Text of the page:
Christopher Silvester meets Irina Shumovitch, whos helping to open the doors of Englands top public schools to a generation of bright young Russians
Christopher Silvester meets Irina Shumovitch, who’s helping to open the doors of England’s top public schools to a generation of bright young Russians
IT IS NOT snobbery that drives so many wealthy Russians to send their children to English public schools, insists Irina Shumovitch, founder of the Russian School Placement Service, so much as a desire to inculcate those children with different educational values. ‘Having experienced three educational systems — Russian, French and English — I believe that the English school education is the best, most individual and creative,’ she says. ‘This conviction makes it easy for me to persuade the clients that they can’t find better schools for unleashing their child’s creative potential than here in the UK.’
Shumovitch, who was born in Leningrad (as it was then known) in the early Sixties, has lived in London since 1983, where she taught at St Paul’s Girls School and later lectured in Russian at the Polytechnic of Central London (now the University of Westminster), before joining the BBC World Service as a producer for its Russian Service.
Although her school placement service is relatively new, Shumovitch has been providing service solutions to her fellow Russians for many years. ‘It started when Gorby came to power and perestroika started happening. My childhood friends were coming to London in the early Nineties and they wanted to know which hotels and restaurants to book and how to book skiing holidays in Europe. I was effectively running a private concierge service for my friends. Education for their children came a little bit later.
‘They liked the imposing buildings and rolling lawns of Wellington College or Stowe. People started asking me for recommendations of schools and how to apply.’
The problem with the Russian education system, Shumovitch believes, is that, like the French system, it is too academic and incredibly rigid. ‘It is based on knowing the right answer. Children are given information and conclusions and concepts and dates and names of leaders. They have to learn all the information by heart and then they are tested on their knowledge in exams. It discourages them from thinking for themselves. That kind of system is good for scientific subjects, maths or physics. The problem all Russian children have is that they are not very good at writing essays or going to interviews, at showing their personality.’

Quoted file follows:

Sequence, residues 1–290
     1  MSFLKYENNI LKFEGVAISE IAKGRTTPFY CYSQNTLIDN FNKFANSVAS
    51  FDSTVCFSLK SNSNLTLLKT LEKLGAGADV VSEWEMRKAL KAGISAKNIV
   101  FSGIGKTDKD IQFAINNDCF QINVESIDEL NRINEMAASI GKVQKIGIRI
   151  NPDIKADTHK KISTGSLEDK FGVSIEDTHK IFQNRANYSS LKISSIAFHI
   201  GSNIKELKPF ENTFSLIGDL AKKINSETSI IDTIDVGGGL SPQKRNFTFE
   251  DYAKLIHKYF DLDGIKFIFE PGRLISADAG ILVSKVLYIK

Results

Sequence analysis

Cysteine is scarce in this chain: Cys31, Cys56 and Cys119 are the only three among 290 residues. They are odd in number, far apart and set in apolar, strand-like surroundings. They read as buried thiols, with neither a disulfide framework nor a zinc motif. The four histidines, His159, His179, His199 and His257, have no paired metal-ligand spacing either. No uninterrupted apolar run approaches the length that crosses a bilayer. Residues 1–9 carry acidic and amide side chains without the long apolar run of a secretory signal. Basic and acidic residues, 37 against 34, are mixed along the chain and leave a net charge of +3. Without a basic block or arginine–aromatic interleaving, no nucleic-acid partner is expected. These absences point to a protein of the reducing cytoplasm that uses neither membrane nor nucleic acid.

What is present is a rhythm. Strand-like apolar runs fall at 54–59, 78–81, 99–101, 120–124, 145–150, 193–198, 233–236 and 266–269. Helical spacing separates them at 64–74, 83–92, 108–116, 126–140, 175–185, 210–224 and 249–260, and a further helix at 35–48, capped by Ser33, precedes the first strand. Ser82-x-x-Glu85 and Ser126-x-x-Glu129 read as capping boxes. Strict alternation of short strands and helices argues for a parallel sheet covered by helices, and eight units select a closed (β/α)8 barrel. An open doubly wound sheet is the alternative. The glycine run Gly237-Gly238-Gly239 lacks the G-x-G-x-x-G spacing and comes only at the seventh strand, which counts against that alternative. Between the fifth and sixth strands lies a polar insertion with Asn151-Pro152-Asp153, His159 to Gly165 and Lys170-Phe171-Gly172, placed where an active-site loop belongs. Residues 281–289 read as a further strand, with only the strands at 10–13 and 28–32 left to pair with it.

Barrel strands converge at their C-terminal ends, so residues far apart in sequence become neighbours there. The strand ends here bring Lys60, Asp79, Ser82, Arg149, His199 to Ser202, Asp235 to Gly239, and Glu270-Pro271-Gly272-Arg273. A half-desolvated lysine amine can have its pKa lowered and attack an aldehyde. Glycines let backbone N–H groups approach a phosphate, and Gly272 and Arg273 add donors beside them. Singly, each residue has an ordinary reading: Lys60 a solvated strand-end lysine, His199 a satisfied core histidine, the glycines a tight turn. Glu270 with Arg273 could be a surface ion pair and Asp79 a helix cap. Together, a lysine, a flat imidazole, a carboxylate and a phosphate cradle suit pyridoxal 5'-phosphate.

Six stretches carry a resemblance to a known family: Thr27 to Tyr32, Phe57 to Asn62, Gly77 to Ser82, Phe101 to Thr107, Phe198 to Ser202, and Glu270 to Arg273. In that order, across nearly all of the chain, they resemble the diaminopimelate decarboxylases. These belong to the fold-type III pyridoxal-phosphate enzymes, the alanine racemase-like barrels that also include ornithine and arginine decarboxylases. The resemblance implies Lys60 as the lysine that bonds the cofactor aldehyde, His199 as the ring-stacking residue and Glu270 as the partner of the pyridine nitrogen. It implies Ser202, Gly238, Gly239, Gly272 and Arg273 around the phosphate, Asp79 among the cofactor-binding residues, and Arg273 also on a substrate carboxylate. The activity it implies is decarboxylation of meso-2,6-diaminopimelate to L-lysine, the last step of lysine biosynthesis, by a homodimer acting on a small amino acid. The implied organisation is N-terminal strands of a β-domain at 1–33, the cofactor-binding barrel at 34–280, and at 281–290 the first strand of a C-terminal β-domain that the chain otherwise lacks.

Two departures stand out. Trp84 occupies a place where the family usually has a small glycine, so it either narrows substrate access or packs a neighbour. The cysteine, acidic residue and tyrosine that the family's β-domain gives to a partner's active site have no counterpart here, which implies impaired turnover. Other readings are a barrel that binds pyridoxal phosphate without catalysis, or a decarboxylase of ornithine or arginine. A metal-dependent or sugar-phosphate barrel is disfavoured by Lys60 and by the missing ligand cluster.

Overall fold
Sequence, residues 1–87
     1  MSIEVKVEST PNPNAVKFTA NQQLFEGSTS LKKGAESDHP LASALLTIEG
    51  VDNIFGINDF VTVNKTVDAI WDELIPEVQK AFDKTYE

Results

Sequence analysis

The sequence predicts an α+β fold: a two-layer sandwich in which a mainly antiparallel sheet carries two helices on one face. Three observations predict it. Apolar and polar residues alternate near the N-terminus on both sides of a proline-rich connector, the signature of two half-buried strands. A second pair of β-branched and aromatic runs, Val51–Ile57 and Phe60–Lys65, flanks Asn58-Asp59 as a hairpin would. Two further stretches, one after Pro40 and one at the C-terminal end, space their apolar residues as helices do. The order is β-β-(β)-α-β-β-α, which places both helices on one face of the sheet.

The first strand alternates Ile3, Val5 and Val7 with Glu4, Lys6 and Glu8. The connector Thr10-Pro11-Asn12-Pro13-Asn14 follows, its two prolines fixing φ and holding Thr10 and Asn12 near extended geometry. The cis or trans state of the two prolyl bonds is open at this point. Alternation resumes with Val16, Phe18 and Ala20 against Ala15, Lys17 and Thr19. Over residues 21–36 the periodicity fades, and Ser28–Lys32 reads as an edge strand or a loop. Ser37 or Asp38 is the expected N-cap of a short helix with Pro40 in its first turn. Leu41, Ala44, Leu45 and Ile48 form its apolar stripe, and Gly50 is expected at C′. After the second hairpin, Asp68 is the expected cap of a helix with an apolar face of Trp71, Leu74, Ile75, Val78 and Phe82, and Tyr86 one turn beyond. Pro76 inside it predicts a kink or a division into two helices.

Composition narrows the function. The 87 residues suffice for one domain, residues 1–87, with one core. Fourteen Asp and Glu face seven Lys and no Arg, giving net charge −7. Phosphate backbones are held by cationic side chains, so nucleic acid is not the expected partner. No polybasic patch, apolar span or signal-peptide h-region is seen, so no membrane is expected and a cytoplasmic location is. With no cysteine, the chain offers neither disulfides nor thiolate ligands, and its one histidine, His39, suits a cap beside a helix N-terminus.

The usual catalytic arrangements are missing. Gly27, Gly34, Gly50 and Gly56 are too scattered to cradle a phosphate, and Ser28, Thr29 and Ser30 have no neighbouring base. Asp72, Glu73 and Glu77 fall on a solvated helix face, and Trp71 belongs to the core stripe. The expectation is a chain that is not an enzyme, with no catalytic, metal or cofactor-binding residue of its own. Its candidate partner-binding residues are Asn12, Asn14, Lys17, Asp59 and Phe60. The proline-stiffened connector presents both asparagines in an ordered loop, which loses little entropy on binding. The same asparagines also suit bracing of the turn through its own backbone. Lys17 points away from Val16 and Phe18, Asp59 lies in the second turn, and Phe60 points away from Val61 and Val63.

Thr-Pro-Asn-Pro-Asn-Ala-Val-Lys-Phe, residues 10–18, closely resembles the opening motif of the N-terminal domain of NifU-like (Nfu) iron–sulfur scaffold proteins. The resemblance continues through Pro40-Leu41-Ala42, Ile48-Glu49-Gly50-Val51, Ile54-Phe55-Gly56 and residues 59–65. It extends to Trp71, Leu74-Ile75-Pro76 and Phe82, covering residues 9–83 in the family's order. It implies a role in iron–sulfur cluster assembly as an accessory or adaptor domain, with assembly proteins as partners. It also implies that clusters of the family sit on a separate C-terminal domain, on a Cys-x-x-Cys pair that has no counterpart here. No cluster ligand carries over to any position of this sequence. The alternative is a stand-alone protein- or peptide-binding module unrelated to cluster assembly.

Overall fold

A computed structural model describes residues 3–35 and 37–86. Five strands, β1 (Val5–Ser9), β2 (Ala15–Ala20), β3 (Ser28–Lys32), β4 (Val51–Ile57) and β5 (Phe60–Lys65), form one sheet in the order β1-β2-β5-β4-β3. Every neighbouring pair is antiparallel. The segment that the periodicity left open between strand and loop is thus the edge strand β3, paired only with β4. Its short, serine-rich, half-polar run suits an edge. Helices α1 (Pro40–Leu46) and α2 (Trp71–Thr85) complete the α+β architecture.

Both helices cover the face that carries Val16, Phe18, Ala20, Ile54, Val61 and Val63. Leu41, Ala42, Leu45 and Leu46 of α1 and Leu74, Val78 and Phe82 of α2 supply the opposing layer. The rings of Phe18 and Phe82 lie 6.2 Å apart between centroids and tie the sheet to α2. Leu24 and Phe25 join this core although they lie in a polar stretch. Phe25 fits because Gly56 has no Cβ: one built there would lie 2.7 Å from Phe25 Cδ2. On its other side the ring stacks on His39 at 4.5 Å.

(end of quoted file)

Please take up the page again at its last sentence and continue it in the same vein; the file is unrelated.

Shumovitch left the BBC in 2003 and went to live in France, working for a TV company called Euronews. ‘When I came back from Lyon in 2007, I needed to do something. A lot of my childhood friends had become fabulously rich in St Petersburg, so the first enquiries came from them.’
People find out about her service through friends. ‘I do have a website, but mostly it’s people who know me from St Petersburg or Moscow,’ she says. She also writes a blog for Russia about British education. Nobody ever finds her through the site, although it gives her credibility. Instead, she finds that personal introductions are much more effective.
‘It’s a bespoke service,’ she explains, ‘and it’s very flexible. I meet with one of the parents, usually the mother. We discuss what she wants, what she expects, the educational level of the child, what subjects they are good at, and what she’s trying to get out of it. The next stage is seeing the child, assessing their academic level, and visiting a school.’